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Differences Between Pyrex & Regular Glass

Kathryn Wilson
Table of Contents

Pyrex is the registered trade name for heat-strengthened, or tempered, glass kitchenware. Pyrex items include cake pans, casseroles, tea pots and measuring cups. First manufactured by Corning, Inc., in 1915, Pyrex has been made by World Kitchens, LLC, since 1998.

Tempered glassware lets you see what's inside.

Similar tempered glass bakeware is also made by Anchor Hocking and other manufacturers.


Regular glass and Pyrex are made from the same basic ingredients and with the same initial processes. After the molten glass is blown, pressed or molded into shape, the item is slowly cooled at a constant rate. This cooling process is called annealing and, except for polishing, is the final step in making most regular glass. Pyrex requires another step.

Pyrex tempered glass is made when the cleaned and polished product is reheated to near its annealing temperature and then rapidly cooled on the outside by jets of air while the inside is allowed to cool more slowly. This creates a surface tension that significantly changes the characteristics of the glass. Tempering is done on finished products because once it is tempered, glass cannot be cut or shaped without causing the piece to shatter.


Glass strength refers to impact resistance. Fully tempered glass is four to six times stronger than regular annealed glass.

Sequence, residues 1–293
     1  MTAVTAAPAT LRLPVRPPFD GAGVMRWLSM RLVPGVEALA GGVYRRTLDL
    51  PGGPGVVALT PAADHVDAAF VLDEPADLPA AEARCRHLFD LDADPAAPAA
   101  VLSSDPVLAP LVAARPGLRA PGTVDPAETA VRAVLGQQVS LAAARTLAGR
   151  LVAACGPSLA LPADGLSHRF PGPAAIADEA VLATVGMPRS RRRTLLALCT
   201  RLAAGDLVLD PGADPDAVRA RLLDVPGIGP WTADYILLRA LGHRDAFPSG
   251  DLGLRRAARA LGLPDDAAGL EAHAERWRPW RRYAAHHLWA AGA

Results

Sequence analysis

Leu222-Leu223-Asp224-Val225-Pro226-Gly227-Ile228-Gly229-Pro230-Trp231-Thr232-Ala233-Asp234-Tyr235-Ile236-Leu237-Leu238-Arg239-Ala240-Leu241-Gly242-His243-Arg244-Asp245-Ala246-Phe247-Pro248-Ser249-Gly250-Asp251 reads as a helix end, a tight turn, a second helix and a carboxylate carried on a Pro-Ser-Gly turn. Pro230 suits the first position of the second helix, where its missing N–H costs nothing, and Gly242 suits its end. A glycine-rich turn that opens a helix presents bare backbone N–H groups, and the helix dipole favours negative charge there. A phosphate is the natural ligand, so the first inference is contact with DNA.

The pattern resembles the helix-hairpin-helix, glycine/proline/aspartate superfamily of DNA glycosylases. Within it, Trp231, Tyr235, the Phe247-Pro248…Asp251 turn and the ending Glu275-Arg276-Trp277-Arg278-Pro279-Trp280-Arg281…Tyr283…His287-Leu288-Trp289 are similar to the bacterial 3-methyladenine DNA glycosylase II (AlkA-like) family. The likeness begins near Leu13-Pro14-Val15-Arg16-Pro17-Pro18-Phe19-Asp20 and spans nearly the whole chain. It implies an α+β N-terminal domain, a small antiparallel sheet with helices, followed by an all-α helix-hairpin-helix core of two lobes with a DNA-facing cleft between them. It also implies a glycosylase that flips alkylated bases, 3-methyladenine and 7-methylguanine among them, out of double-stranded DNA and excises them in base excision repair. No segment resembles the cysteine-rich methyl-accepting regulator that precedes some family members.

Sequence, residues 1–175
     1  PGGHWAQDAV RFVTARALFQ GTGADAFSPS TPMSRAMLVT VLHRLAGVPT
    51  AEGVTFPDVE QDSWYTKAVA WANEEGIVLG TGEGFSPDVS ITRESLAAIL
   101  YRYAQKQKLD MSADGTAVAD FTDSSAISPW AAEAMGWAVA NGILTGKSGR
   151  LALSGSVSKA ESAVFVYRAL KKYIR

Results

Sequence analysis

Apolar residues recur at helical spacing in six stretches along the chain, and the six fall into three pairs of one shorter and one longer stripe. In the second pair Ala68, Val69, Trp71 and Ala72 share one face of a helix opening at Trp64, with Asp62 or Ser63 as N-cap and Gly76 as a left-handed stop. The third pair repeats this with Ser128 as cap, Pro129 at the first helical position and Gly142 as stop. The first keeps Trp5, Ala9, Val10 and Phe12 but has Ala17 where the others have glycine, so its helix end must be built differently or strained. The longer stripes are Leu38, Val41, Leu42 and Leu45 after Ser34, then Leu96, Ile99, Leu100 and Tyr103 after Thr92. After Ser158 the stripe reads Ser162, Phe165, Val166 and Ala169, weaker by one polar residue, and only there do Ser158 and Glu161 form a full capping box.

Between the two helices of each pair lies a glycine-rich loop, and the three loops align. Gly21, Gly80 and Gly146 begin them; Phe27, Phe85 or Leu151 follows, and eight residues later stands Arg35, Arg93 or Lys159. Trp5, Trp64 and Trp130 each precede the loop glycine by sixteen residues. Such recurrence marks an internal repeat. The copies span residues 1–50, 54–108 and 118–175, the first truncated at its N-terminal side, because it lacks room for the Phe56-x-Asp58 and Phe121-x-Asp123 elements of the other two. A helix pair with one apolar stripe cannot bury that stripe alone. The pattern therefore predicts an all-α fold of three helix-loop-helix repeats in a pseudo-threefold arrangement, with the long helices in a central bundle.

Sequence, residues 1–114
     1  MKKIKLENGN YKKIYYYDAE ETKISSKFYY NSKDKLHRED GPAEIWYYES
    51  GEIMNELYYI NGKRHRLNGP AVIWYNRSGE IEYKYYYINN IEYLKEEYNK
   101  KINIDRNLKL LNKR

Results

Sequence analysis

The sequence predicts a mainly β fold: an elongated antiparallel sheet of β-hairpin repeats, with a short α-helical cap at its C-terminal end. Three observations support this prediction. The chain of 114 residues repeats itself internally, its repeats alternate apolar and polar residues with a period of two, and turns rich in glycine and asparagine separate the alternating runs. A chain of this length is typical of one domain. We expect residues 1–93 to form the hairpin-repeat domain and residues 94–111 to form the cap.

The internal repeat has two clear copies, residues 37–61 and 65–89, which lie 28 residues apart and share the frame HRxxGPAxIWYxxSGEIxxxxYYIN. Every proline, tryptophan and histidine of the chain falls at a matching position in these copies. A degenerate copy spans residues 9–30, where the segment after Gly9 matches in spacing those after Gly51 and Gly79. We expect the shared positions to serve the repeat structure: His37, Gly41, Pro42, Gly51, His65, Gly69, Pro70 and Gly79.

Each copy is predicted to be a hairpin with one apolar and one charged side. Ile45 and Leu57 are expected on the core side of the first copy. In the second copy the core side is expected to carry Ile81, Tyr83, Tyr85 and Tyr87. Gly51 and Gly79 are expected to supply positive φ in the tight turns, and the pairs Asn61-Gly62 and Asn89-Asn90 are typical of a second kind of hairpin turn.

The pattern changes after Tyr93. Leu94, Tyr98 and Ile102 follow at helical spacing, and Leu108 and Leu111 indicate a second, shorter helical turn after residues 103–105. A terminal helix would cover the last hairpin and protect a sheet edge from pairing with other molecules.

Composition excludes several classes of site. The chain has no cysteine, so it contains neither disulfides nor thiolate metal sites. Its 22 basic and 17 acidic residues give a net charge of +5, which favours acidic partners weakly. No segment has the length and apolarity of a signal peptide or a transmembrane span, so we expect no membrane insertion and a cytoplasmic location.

Breaking Patterns

Regular annealed glass can break into long, hazardous shards with sharp edges. Fully tempered glass breaks in a much safer granular pattern, called dicing, which produces roughly cubical pieces no larger than ¼ inch.

Heat Resistance

Pyrex and other tempered glass bakeware is heat resistant up to 425 degrees F, making it suitable for normal kitchen use. Regular glass is not recommended for oven use.

Thermal Shock Resistance

Thermal shock resistance measures the ability of glass to withstand (without breaking) sudden changes in temperature, such as might be caused by pouring boiling water into a cold glass, or putting a cold casserole into a hot oven. Although it is not unbreakable, Pyrex tempered glass has much greater tolerance for thermal shock than regular glass.

Pyrex recommends its products not be exposed to sudden extreme changes in temperature. Frozen dishes should be allowed to thaw before baking, hot dishes allowed to cool before refrigerating. Pyrex is not approved for use on the stove top, over direct flame or under heat sources like broilers or toaster ovens. And, of course, neither is regular glass.